Category Archives: Family Stuff

General-interest stuff about our family

Don’t Ask

How often do we casually ask someone we encounter how they are? Passing a casual acquaintance in the grocery store isle, the nearly universal greeting is to ask how they’re doing. Run into an old classmate you haven’t seen in a few decades who has their arms full of kids and is clearly on their way somewhere, and we ask how they’ve been. I know I’m guilty of it, and I’m pretty sure almost everyone else is too. This kind of callous or ignorant questioning needs to stop. We don’t really want to hear about our former classmate’s recent divorce … Read the rest

Grandpa’s House

When I was young my parents would take us over to my maternal grandfather’s house almost every Sunday evening. I have a great many memories of that house and the people in it.

My Grandfather’s house was a small pale-green concrete-block structure built shortly after World War II in Kearns, UT. As originally constructed, it had three bedrooms, two bathrooms, a small kitchen, a living room, a small family room, and not much else. I doubt it was much more than about 1200 square feet. Grandma and Grandpa occupied the master bedroom with its rather small attached bathroom. As you … Read the rest

Quitter

I don’t have a lot of patience for quitters. I’ve spent so much of my life pushing hard through difficulty and frustration to accomplish whatever it was I was working towards that it irritates me deeply when someone (especially someone close to me) gives up on something that is ostensibly important. To some degree, giving up feels like a moral weakness or failure. Setting something aside for a while is one thing… An inevitable thing in mortal existence… An uncomfortable but bearable thing… An acceptable thing. Giving up with no intention to circle back and try again later is quite … Read the rest

Uncle John

My uncle John giving me my first salute as a Second Lieutenant

One of the core principles everyone who has ever gone through basic training will understand is that being invisible has it’s advantages. When your bus drives through the installation gate for the first time on your way to training, you develop a pit in your stomach and start to wonder just what you have gotten yourself into. As you watch others get chewed on, you try to shrink into oblivion and do everything you can not to get noticed. At least, that was my experience. No sooner had … Read the rest

An alternative approach to printing my poetry – Kickstarter

For almost a year, I’ve been trying to get spare change together to have a collection of poetry I’ve written printed.   However, I have teenagers, and the unfortunate thing about teenagers is that they are expensive.  In spite of my best efforts to sock away a few dollars here and there, every time I had almost enough cash set aside something would come up, and I’d have to start over.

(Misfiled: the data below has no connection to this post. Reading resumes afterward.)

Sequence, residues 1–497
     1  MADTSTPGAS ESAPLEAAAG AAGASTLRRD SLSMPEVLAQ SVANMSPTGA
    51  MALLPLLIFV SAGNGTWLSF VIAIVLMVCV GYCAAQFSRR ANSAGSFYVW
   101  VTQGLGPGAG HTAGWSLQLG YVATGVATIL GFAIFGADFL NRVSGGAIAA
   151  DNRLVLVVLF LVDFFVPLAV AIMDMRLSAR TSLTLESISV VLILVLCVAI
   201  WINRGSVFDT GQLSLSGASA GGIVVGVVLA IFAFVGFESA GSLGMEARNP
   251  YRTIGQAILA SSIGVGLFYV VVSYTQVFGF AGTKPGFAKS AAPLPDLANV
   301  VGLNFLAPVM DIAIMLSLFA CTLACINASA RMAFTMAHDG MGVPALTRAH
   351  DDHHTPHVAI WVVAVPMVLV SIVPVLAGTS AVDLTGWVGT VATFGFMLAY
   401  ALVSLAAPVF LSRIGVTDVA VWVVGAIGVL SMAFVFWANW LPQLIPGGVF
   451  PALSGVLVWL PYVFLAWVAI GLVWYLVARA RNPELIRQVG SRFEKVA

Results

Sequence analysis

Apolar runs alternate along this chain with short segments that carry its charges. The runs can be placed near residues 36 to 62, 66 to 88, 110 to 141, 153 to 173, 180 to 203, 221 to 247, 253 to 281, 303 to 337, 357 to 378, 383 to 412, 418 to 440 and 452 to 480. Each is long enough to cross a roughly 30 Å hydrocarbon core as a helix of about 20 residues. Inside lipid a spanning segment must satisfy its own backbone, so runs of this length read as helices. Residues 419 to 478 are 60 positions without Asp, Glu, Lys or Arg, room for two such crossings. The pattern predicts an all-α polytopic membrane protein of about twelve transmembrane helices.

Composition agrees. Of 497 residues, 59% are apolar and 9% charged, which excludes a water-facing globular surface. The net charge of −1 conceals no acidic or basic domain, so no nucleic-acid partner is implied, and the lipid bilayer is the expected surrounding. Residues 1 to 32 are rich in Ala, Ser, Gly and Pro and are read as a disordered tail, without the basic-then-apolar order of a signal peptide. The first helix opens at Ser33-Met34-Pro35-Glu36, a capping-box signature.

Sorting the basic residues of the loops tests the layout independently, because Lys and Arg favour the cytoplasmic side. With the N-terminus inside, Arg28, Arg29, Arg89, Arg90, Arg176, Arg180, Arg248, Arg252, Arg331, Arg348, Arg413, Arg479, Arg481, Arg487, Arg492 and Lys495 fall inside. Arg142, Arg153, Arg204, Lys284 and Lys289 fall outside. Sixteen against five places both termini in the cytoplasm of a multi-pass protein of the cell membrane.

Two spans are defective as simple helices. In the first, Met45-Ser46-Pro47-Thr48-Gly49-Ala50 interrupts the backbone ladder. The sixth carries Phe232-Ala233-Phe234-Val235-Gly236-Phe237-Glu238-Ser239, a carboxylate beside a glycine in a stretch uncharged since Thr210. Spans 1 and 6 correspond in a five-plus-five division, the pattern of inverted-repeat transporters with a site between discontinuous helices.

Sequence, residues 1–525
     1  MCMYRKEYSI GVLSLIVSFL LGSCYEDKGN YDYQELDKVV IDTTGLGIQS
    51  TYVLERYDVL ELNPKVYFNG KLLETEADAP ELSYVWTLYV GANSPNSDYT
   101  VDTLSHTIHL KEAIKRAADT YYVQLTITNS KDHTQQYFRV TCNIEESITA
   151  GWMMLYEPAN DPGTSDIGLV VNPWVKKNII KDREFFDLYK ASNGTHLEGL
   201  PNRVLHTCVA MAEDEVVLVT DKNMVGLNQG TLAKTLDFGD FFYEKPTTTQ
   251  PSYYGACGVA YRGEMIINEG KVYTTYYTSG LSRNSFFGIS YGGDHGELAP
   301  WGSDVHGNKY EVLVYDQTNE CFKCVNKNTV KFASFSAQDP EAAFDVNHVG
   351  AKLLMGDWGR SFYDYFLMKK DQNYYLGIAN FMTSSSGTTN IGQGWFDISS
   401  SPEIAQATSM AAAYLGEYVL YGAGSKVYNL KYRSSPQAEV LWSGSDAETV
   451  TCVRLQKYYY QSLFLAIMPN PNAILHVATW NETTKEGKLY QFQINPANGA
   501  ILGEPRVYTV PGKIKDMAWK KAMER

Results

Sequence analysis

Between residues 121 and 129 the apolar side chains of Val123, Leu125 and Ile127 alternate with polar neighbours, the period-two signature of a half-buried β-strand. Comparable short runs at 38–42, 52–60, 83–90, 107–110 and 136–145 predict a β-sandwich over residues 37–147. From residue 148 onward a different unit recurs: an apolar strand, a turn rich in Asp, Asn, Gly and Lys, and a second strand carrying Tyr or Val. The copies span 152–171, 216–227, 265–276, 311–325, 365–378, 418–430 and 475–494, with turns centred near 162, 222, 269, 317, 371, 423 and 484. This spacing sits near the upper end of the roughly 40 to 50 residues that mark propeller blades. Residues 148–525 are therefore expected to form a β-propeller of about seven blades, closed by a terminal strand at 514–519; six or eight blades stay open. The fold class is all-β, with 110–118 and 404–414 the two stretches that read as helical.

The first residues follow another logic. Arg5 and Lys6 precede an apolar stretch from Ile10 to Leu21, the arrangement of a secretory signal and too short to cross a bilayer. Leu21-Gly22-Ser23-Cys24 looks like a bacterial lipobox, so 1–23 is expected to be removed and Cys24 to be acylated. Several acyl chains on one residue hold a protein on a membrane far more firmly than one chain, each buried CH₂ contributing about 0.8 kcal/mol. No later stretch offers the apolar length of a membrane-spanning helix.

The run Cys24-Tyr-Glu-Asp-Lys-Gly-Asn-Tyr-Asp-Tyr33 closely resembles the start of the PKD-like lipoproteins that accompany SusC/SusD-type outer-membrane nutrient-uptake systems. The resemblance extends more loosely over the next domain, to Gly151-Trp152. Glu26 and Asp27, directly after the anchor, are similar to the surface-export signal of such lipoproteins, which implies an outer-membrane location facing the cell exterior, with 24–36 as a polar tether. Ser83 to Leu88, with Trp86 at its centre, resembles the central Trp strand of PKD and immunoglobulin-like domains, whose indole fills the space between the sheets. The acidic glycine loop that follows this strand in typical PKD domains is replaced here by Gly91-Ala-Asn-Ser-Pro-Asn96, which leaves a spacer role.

In the mean-time, though, I’ve gotten occasional feedback from the few people who were actively waiting for the final result.  It seems they are getting impatient.  As a result of … Read the rest

Homebrew Antenna Analyzer (part 1)

In the ham radio community, homebrewing is a term used to describe making your own radio gear.  For most hams, this doesn’t go much beyond building and tuning an antenna out of copper pipe or wire, but I’m not really your average ham.  For one, I am almost never on the air.  That said, as I’ve spent more time recently reconnecting with my roots as an Electrical Engineer, I’ve opted to use my license as an excuse to play around with ideas.

In the process of building my last project (the sunrise light http://www.diligent5.org/?p=1849) I bought an Arduino Uno … Read the rest

Geeking out part two

A few weeks ago, I wrote about a project I’ve been working on that uses a raspberry pi to mimic a sunrise as a sort of alternative to an alarm clock (https://www.diligent5.org/?p=1849) .  It’s generated a rather long list of learning experiences including things like the timing issues I wrote about previously.  After thinking about it, I figured it wouldn’t hurt to document a few of them.

First, debouncing switches can be easy or hard…  If you’re as dumb as me and want to set the system up to discriminate between long button presses, short button presses, and … Read the rest

Quiet compassion

This fourth of July we were invited for a second year in a row to go with friends to their family reunion at the family’s farm/ranch outside Grants, New Mexico.  I have to say that this family represents the kind of accepting and down right Christian people I think the world needs more of.  Let me explain.

Many years ago, when the patriarch and matriarch were young veterinarians just out of school, they landed in this small town west of Albuquerque and set up shop – the husband dealing with large animals, and the wife handling the small ones.  As … Read the rest

Family vacation

My family didn’t take a lot of what some would consider vacations when I was a kid. An annual trip camping for a few days in the nearby mountains was about all we managed most years.  There were also times when we packed up to go somewhere more exotic like a national park, or to visit relatives far away. Among the memories of these trips I have shadows of memories where my parents were stressing about them — both before and during.  I sometimes think a lot of the stress was financial, but the root cause is somewhat immaterial.  The … Read the rest